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50 years ago Fannie Lou Hamer and Ella Baker were making sure all eyes were on Mississippi.  They were standing up in Mississippi churches that racists were threatening to firebomb talking about how the July 2nd signing of the Voting Rights Act meant nothing if the people in Mississippi did not have control of land and educational institutions.   They were touring the United States with the Mississippi Freedom Democratic Party demonstrating how different a political party based around equality and freedom would look from the mainstream Democratic Party.   They were organizing the logistics and challenging the ideology of the thousands of students who came to Mississippi to bring attention to the racist violence and disenfranchisement that black people experienced on a daily basis in that state and in the rural United States in general.

50 years ago Ella Baker, Fannie Lou Hamer and the thousands they mentored were breathing in Mississippi.  And some were not breathing.  50 years ago the bodies of James Cheney, Michael Schwerner and Andrew Goodman were found buried in Mississippi where they had been fighting for Civil Rights and investigating the firebombing of just the type of church Ella Baker and Fannie Lou Hamer were filling with vision and song.

50 years ago Ella Baker, Fannie Lou Hamer and everyone in the revolutionary radius of their earshot was clear about the significance of Mississippi and the possibility of a Mississippi where black people and everyone who believed in freedom could vote and breathe, and explore their brilliance, and breathe,  and feed their families, and breathe,  and walk the land day or night in safety.  Where visionaries could go to sleep and wake up not firebombed but breathing.  Where visionaries could walk a dirt road and reach their destination breathing, not dragged to death.

I offer this historical context as a reminder that the Black Feminist Breathing Retreat coming up on July 4-6th in Magnolia, Mississippi occurs in a tradition of revolutionary breathing in Mississippi.   We will be filling sacred space with songs, prayers and freedom mantras from the mouths of Fannie Lou Hamer, Ella Baker and other foremothers.  We will be acknowledging what is still at stake while breathing in the deep south.  We will be channeling our energy towards a future, already envisioned, but not yet achieved where the dignity of all people, to eat, to learn, to breath, to be safe in our different and irreplaceable bodies is guaranteed by the robust love of an interconnected community.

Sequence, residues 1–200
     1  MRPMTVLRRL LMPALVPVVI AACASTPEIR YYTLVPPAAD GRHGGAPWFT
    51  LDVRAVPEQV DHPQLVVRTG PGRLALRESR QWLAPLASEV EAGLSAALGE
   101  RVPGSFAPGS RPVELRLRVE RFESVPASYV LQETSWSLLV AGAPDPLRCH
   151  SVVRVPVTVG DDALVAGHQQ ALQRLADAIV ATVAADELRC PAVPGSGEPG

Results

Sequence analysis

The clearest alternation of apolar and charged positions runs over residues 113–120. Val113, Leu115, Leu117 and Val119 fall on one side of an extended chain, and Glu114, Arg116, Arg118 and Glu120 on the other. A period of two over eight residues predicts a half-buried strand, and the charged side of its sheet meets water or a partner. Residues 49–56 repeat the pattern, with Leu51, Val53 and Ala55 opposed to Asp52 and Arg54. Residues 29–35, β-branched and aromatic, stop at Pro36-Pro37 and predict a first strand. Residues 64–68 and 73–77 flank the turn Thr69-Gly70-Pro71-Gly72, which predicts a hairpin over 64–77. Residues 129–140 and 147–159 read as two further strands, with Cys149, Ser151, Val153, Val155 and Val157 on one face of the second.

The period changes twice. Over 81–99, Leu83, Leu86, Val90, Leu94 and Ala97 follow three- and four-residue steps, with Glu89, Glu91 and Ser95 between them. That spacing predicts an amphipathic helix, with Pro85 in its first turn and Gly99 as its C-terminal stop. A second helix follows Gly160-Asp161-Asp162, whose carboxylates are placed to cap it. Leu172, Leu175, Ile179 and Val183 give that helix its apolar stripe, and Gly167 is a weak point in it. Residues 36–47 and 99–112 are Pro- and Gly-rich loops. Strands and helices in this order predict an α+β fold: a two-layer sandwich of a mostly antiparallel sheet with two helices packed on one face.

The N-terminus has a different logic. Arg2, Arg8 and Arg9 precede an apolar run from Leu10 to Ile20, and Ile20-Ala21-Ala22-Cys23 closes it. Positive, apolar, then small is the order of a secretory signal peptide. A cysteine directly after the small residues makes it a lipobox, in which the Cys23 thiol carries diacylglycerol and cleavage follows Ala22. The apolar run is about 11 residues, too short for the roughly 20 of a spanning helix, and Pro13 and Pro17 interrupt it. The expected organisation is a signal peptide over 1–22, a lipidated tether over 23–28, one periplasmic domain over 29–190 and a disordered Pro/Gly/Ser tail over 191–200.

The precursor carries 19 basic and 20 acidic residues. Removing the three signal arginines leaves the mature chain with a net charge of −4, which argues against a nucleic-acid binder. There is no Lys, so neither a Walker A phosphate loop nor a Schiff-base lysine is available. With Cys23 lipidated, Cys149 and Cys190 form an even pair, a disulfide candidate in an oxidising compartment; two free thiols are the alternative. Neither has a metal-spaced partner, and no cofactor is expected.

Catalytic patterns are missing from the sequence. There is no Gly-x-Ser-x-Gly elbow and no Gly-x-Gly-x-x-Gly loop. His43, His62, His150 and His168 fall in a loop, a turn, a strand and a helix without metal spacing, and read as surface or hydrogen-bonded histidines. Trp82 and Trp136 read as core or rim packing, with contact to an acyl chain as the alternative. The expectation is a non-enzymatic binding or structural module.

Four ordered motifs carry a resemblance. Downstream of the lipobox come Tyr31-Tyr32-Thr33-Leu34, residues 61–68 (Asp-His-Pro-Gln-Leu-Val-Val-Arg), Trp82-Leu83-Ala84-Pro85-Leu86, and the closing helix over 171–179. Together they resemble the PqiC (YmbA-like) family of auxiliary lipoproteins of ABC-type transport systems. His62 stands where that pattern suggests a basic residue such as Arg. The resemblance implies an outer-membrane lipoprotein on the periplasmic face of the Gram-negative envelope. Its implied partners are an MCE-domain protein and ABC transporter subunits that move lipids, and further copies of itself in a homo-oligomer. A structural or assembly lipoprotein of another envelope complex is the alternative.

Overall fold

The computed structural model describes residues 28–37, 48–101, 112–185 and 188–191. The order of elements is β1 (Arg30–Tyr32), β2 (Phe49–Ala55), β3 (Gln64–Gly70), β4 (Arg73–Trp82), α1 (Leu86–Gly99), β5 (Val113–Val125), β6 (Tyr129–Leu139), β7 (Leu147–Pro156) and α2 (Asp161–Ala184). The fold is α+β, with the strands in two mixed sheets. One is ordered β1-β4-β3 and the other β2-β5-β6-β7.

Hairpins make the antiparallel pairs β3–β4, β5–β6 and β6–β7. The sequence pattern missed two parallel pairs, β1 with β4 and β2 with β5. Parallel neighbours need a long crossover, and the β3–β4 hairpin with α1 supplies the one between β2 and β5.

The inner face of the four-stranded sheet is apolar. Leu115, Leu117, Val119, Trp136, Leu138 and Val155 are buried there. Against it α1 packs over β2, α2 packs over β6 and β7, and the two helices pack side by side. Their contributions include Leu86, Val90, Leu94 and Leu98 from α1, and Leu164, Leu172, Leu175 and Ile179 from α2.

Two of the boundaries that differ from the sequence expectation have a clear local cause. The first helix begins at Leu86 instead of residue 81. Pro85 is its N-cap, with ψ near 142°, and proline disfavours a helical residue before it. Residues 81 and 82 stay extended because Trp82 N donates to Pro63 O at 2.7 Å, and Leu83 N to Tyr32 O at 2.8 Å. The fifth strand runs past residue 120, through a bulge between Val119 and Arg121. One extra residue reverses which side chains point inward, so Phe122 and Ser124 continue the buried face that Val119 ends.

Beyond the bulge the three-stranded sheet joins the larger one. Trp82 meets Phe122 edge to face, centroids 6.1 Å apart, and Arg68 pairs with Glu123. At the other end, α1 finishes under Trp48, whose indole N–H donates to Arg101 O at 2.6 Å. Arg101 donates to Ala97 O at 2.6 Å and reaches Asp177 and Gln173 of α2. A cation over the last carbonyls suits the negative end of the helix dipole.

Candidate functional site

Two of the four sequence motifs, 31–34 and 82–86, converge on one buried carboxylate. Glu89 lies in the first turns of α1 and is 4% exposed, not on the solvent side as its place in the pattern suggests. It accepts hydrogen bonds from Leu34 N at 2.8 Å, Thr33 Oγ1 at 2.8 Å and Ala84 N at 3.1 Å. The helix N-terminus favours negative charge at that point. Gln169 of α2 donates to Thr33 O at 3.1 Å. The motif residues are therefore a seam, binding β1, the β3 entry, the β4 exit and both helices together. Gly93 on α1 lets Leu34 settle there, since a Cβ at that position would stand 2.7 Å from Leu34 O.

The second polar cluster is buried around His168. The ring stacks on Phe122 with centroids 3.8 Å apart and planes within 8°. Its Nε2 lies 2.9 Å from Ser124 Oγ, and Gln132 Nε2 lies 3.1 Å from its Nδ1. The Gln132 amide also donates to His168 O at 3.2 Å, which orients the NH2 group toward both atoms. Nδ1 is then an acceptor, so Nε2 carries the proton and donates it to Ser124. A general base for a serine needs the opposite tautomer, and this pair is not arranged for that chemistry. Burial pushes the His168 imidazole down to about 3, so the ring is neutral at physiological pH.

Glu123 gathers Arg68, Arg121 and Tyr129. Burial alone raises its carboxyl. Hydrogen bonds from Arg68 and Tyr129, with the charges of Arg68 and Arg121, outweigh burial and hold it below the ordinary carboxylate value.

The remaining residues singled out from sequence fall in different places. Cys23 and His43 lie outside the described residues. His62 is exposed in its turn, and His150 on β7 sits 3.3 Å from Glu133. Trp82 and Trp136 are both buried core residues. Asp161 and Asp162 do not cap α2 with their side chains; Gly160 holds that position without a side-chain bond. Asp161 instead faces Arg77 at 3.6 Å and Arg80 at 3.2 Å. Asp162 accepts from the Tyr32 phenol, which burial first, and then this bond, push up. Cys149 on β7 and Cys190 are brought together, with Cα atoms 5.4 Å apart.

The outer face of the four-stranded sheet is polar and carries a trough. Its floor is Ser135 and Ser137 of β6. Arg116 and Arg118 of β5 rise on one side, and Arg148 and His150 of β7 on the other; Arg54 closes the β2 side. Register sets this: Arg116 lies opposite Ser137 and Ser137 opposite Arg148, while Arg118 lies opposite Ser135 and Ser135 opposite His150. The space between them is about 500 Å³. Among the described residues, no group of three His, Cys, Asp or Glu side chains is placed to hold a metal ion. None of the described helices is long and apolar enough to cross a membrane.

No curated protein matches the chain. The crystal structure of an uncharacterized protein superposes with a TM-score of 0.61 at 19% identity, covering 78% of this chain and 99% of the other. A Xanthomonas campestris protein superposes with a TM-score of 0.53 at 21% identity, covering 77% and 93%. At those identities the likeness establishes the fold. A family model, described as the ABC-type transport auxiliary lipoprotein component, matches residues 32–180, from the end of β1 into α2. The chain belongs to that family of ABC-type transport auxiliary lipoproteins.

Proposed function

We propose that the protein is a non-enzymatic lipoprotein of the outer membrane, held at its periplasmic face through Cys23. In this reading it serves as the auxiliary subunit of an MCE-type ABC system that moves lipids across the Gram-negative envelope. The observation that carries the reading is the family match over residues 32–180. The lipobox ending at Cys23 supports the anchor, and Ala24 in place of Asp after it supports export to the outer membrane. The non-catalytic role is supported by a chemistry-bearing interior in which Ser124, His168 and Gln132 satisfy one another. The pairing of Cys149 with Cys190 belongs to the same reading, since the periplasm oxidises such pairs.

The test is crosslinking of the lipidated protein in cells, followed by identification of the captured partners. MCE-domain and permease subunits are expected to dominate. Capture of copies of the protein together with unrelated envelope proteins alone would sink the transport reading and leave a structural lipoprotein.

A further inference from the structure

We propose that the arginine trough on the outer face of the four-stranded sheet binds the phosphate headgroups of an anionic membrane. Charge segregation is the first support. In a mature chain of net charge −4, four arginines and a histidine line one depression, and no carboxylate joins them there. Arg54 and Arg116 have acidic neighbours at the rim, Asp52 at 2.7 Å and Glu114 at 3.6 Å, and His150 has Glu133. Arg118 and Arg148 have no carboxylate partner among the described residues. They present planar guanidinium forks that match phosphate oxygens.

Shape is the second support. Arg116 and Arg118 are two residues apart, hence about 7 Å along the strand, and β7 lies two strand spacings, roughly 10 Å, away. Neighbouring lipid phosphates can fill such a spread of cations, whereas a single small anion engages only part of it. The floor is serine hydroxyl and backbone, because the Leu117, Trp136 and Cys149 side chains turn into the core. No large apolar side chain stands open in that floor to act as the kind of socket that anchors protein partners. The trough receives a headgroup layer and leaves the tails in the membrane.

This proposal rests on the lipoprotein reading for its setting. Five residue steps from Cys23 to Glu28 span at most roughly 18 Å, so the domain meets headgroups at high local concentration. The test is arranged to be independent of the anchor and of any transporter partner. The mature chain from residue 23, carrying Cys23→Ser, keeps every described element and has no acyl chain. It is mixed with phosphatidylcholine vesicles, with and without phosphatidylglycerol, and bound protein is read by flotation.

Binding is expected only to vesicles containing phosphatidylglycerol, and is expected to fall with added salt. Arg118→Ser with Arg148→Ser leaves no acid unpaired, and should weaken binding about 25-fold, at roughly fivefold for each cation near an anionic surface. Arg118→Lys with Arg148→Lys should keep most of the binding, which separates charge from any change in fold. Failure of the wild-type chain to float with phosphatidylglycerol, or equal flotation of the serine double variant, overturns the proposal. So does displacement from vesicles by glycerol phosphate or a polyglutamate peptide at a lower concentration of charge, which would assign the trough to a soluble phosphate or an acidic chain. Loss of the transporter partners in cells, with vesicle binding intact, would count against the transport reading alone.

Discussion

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In honor of this connection I want to

1. Extend the opportunity for any black freedom loving queer affirming folks living in the deep south or with roots there to attend the Black Feminist Breathing Retreat.   Sign up information is here:  http://www.alexispauline.com/apgblog/event-view/black-feminist-breathing-retreat-july-4-6th-magnolia-mississippi/     Any contribution you can make is perfect.  Just come.

2.  Invite you all to spread the word to you loved one in and from the deep south to come to the retreat!  (You can post this link on all your social media and email your fam!  http://www.alexispauline.com/apgblog/event-view/black-feminist-breathing-retreat-july-4-6th-magnolia-mississippi/

3. Invite you to donate to the Black Feminist Breathing Retreat Scholarship Fund (share this link too!)  http://www.alexispauline.com/apgblog/cause-view/support-black-feminist-breathing/

And in celebration while the 21 days of the Black Feminist Breathing Chorus are over, the meditations inspired by Fannie Lou Hamer and Ella Baker will be available for free on the site until July 4th (in case your mind lights on freedom!)  Share the meditations with your friends!

“Nobody’s Free Until Everybody’s Free”-Fannie Lou Hamer  http://blackfeministbreathing.tumblr.com/post/88493354740/on-day-21-aka-my-birthday-fannie-lou-hamer

“Give Light and People Will Find the Way” -Ella Baker  http://blackfeministbreathing.tumblr.com/post/88362488770/i-love-seeing-these-powerhouses-together-this

The meditation series ended on June 12th. If you want to be notified about future meditation experiences you can join the email list here. 

If you would like to get eternal access to the 22 meditations streaming and downloaded to use for your personal upliftment or to share with your organization or students you can become a monthly sustainer of the Eternal Summer of Black Feminist Mind at a level that feels generously sustainable to you.

Or if you want to move the meditation magic forward you can make a donation towards the scholarship fund for the Black Feminist Breathing Retreat (see more below).  Donations of $25-100 give you eternal access to the streaming meditations on the site and donations of 101 or more give you access to streaming AND downloads of the meditations as audio files.

If breathing in chorus through this virtual experience feels great, imagine what it would feel like to breathe together in person!!!  On July 4th weekend 2014 we will be gathering for the Black Feminist Breathing Retreat in Magnolia, Mississippi at the Flowering Lotus Meditation Center.

Here is a video that includes some of the power of our breathing together at last year’s Combahee Pilgrimage Retreat:

We hope to see you this Freedom Summer!!!!

Love,

Alexis Pauline Gumbs

 

 

 


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Mentoring is More than a Notion

dedicated to Cheryll Y. Greene